“It behooves all healthcare compliance professionals to be aware of the fraud, waste and abuse risks associated with telehealth services. This mode of delivery holds great promise. For it to fulfill that promise, non-compliance needs to be rooted out and corrected.”Continue reading
Trillions spent through the COVID public health emergency drive audit and enforcement actions from the government. What to do regarding PHE-related risks.Continue reading
Through 2019, telehealth was mainly for rural patients living far from healthcare providers. Then came COVID and the Public Health Emergency (PHE) declaration from the Department of Health and Human Services (HHS). Since 2020, a series of rolling 90-day waivers opened telehealth to everyone, temporarily.
Thanks to a recent surge in COVID cases, the current PHE extends to October 2022. When it ends, so does CMS’s authority to continue telehealth’s expended capabilities (unless there’s a further extension). That’s why Congress stepped in. The Consolidated Appropriations Act, which became law March 15, extends telehealth’s lifespan by five months (151 days, to be specific) after the PHE expires. (Related: Six key steps to reduce the impact of telehealth audits)
That means telehealth is alive and well at least through year’s end. So are many of the PHE-related coverage flexibilities. Here are some of the highlights:
- Telehealth from anywhere Before the PHE, Medicare covered only services delivered to patients at hospitals and other provider facilities. The Act redefines “originating site” to mean “any site in the United States at which the eligible telehealth individual is located at the time the service is furnished.” This could be patients’ homes, their cars – anywhere with phone or Wi-Fi connectivity.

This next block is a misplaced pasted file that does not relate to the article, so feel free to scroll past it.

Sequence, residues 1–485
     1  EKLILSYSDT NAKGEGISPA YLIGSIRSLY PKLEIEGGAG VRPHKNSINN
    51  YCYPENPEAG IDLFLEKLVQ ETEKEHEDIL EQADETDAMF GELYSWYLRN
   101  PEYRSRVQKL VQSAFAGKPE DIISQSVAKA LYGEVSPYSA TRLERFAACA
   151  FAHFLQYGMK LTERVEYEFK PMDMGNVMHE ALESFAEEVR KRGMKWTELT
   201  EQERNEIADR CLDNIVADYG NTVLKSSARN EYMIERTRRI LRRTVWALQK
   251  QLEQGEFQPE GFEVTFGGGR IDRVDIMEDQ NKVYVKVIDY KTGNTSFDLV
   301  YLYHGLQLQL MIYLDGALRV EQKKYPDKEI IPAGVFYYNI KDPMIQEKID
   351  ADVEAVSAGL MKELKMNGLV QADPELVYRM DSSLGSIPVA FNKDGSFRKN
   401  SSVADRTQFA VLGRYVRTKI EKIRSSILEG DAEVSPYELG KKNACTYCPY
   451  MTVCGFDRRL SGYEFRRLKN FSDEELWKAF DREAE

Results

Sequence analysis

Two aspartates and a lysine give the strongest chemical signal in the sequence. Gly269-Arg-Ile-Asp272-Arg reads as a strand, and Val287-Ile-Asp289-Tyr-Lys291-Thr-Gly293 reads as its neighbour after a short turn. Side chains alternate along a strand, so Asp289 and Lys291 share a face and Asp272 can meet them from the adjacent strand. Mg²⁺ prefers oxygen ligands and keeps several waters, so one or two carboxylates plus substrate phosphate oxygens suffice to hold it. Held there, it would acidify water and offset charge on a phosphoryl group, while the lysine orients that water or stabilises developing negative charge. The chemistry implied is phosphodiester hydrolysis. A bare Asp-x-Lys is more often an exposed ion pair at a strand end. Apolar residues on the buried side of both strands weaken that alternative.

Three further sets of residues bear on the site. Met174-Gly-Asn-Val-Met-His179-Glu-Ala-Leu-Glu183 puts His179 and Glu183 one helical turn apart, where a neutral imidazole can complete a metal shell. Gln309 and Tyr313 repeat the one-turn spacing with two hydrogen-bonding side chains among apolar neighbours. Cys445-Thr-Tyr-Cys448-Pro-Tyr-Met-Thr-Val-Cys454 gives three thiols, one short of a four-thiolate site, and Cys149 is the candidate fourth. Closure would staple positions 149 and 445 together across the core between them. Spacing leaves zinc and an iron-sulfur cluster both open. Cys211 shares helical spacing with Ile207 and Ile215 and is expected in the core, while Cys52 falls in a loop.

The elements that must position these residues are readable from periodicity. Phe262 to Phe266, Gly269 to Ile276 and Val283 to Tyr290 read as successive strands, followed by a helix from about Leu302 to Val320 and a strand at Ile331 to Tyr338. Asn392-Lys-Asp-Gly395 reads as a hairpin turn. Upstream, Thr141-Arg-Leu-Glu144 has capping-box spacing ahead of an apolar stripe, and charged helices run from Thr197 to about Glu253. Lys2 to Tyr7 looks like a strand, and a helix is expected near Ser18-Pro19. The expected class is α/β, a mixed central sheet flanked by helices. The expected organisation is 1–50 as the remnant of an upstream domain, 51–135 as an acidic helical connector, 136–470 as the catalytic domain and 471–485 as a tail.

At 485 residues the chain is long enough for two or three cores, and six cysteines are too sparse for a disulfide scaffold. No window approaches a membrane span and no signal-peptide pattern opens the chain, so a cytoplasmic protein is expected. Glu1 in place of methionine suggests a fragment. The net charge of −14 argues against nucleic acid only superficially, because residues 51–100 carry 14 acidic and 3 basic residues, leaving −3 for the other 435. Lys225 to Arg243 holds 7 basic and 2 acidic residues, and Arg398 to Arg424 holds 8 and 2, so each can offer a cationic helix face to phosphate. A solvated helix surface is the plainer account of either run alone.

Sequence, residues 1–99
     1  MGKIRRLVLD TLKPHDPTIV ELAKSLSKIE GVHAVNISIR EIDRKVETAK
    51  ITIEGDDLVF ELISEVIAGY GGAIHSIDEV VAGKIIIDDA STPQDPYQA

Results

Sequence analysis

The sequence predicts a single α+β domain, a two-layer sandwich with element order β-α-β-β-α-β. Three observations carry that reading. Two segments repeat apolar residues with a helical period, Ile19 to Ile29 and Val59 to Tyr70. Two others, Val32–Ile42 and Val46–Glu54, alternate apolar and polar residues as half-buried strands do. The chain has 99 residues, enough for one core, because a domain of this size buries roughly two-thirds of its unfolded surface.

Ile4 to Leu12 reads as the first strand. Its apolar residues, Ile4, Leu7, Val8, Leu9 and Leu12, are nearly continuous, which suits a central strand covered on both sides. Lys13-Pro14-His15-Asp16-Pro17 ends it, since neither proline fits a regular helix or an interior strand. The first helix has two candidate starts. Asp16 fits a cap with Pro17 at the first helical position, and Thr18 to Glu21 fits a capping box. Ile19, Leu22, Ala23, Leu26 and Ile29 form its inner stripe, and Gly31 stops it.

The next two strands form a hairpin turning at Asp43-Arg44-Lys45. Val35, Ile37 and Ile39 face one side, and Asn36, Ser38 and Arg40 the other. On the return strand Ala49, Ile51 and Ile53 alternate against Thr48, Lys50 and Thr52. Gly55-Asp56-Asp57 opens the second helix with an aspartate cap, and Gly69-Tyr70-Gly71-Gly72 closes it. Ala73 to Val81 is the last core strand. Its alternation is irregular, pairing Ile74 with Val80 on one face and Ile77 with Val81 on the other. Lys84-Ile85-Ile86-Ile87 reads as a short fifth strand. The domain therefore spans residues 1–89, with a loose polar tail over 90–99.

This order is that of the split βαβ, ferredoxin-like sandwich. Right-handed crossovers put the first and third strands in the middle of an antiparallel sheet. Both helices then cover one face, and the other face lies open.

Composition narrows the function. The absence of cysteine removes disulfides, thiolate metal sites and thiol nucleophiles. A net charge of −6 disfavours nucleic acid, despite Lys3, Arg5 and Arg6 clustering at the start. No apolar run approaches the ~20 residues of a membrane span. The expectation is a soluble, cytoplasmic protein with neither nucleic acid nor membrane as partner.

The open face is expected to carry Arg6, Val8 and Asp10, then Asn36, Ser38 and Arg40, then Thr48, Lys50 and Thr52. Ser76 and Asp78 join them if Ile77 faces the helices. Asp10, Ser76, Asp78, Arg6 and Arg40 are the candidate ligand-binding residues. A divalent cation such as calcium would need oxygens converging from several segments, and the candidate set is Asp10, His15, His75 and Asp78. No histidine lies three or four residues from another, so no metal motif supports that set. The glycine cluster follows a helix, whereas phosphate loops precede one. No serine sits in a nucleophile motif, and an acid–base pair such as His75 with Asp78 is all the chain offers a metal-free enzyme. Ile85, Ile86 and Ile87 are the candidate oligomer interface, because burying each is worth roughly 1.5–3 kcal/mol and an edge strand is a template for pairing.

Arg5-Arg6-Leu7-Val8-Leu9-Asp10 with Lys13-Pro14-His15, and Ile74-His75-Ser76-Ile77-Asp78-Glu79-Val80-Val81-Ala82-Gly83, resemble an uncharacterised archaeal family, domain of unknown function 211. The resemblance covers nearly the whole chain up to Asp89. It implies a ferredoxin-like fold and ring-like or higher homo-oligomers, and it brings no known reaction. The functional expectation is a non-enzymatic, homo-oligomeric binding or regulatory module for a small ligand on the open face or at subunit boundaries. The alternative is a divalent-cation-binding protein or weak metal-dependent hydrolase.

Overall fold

- More practitioners In addition to physicians, nurse practitioners, physician assistants and other specialized providers, occupational and physical therapists’, speech language pathologists’ and audiologists’ services will be covered.
- Payment for audio-only services will continue for 151 days after the PHE ends.
- Relaxed in-person mental health services requirement The waivers ensure that the requirement that mental health patients have in-person visits of the first telehealth visit and every 12 months afterwards won’t take effect until the 152nd day after the PHE ends.
- Reinstated first-dollar coverage Until the end of 2021, telehealth services to High Deductible Health Plan and Health Savings Account patients were not subject to plan deductibles. The new law reinstated this relief through December 31 of this year.
- More data transparency The Medicare Payment Advisory Commission is required to analyze telehealth utilization, expenditures, payment policies, and implications on access to and quality of patient care. Starting July 1, the HHS Secretary must publicly post quarterly telehealth utilization data.
For more lasting, but not permanent, relief, the bipartisan Telehealth Extension and Evaluation Act, which would extend the telehealth waivers for two years, is inching its way through Congress.
If all the flux and uncertainty at the federal level weren’t enough, there’s also the state level. As I posted almost a year ago, the states have their own telehealth coverage, reimbursement, and privacy regulations. For now, patients and providers can continue on through at least the end of 2022 with access to telehealth. Beyond that, healthcare organizations are working hard to future proof their approach to telehealth. Stay tuned!
Read how one health system created a scalable repeatable process to address regulatory changes during the PHE. The hospital system is now fully prepared to revert those changes or update them to the new requirements.